Kingpins New York at Pier 36/Basketball City provided insight into latest innovations to push the needle on cultivating sustainable practices in denim making. | Photo by Milliron Studios

Kingpins New York at Pier 36/Basketball City provided insight into latest innovations to push the needle on cultivating sustainable practices in denim making. | Photo by Milliron Studios


New York’s January 2024 Textile-Event Roster Attracts Attendees Keen on Green

New York City was the destination for apparel professionals across different categories Jan. 17–25 as the 2024 sourcing event calendar began with a full roster of shows. Kingpins New York, Texworld New York City and Apparel Sourcing New York City, Première Vision New York, and the New York Fabric Show boasted exhibitor rosters to suit every design, fiber, fabric, production and manufacturing need.

Despite an array of offerings at many of the shows, one consistent theme played out across the board: ecological mindfulness. Whether attendees were concerned about working with partners within their North American regions or wanted to discover alternative, sustainable fabrics, visitors to the New York shows looked forward, through Spring/Summer 2025, to become inspired, cultivate a creative vision or establish a plan for success over the coming year.

Kingpins makes it easier to make denim green

The Jan. 24–25 Kingpins New York show at Pier 36/Basketball City on the west side of Manhattan was the first to be held during Kingpins’ 20th-anniversary year in the city where it was founded. The show provided an intimate setting for denimheads from every facet of the denim category and region of the world to discuss their next steps toward creating products that are as eco-conscious as they are cool.

“It’s important that we help the community discover new products and methods that will help them meet their sustainability goals,” said Vivian Wang, Kingpins Show managing director and global sales manager. “At Kingpins, we look at trends a little differently. We look at the economic, technological and cultural drivers behind the trends. For example we hosted a panel discussion in New York that explored how denim fit is evolving and what is instigating that evolution.”

This show also included a fresh layout. Kingpins’ seminar space and coffee station, in addition to The Boxes—an innovation and trend installation—were centrally located in the middle of the show floor. Exhibitor booths stemmed from this central meeting area. “This new layout brought people to the center of the space and encouraged traffic flow throughout the entire show floor,” noted Wang.

The intimate nature that Kingpins provides allows today’s denim experts and the next generation of bluebloods to come together with a common goal of advancing the industry. Deirdre Jennings, business development manager at Sapphire Mills, an exhibitor that served as a show staff uniform–sponsored supplier, noted the event’s positivity and the opportunities it provides for building connections among like-minded denim professionals.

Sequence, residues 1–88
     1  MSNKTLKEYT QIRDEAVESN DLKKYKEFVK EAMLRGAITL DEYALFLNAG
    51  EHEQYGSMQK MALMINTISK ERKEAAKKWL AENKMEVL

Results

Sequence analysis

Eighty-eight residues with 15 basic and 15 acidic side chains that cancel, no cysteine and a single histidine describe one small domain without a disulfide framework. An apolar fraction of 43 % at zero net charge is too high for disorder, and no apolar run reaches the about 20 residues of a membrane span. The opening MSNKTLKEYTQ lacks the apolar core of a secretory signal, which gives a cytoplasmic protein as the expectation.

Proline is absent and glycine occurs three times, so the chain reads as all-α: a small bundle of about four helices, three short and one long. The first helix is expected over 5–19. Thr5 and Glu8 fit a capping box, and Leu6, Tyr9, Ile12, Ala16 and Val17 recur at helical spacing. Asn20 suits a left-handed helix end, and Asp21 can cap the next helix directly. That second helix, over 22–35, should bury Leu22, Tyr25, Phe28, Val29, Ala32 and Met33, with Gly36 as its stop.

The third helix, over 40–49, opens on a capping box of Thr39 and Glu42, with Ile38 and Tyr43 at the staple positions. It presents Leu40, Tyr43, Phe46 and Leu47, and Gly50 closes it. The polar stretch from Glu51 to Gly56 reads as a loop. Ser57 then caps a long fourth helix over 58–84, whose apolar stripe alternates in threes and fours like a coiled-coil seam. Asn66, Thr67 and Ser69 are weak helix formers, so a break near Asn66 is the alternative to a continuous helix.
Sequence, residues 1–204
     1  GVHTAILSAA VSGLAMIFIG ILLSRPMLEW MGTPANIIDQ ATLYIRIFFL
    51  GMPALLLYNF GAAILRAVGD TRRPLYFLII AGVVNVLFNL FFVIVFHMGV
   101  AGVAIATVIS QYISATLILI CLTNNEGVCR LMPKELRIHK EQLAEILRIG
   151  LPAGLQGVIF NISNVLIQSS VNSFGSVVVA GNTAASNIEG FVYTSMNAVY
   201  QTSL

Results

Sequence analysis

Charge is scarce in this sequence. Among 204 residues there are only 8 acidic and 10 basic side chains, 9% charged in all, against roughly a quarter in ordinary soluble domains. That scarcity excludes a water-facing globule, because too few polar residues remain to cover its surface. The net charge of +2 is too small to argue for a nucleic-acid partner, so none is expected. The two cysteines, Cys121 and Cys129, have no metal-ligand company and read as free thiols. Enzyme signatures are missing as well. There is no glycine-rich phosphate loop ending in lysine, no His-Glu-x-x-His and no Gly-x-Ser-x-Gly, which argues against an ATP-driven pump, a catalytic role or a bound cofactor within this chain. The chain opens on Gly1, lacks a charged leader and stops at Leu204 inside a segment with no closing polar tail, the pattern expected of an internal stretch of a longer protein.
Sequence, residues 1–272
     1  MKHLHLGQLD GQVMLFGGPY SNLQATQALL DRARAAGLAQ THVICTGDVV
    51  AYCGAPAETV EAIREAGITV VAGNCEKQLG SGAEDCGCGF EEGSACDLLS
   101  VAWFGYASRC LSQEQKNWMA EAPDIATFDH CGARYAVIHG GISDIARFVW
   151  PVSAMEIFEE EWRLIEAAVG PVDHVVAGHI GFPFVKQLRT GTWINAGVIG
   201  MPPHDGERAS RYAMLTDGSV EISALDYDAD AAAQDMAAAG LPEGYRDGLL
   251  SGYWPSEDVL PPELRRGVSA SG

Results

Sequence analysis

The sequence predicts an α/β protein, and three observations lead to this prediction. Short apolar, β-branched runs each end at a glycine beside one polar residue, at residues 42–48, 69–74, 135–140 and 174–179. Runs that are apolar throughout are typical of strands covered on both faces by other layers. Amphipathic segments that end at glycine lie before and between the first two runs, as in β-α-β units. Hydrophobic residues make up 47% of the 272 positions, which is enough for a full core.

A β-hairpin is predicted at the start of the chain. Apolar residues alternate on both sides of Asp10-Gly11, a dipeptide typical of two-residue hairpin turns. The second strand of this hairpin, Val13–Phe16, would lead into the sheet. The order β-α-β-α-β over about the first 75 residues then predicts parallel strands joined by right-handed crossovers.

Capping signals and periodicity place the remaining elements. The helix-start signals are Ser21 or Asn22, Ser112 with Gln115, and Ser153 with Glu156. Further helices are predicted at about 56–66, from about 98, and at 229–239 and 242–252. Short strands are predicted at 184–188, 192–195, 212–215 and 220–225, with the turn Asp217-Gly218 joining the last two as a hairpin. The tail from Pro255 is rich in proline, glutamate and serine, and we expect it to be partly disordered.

“The industry’s focus on eco-friendly practices and materials was obvious, and we were pleased to showcase our developments in this area,” said Jennings. “Attendees at Kingpins NY were actively seeking textures, naturals, softness and drape in fabrics. Notably, there was a keen interest in our latest sustainability initiatives at both the fabric and plant levels.”

The co-located Texworld New York City and Apparel Sourcing New York City from Messe Frankfurt Inc., with Printsource New York, hosted its Jan. 22–24 exposition at midtown Manhattan’s Javits Center, providing opportunities for attendees to explore innovations in resources such as fabrics, trims, accessories, garments and print design.

Partnering with the Milan-based educational institution Arsutoria, Texworld NYC produced a leather trend area. More than 200 material samples were showcased in the section to create a vision of aligning traditional craftwork with innovation.

More than 50 product categories were represented by exhibitors from countries including Korea, Turkey, Taiwan, Peru, China, Japan, India, Pakistan and the United States. During this edition of the show, attendance was up, exhibitors increased 10 percent and partnerships have grown, according to Walker Erwin, marketing manager of fashion and apparel shows, who noted collaborations with SEAMS and the Material Innovation Initiative.